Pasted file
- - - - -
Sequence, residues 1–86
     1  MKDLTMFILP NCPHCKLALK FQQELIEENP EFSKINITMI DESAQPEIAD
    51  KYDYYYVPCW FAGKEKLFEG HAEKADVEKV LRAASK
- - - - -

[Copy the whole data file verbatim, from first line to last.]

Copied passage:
Sequence, residues 1–86
     1  MKDLTMFILP NCPHCKLALK FQQELIEENP EFSKINITMI DESAQPEIAD
    51  KYDYYYVPCW FAGKEKLFEG HAEKADVEKV LRAASK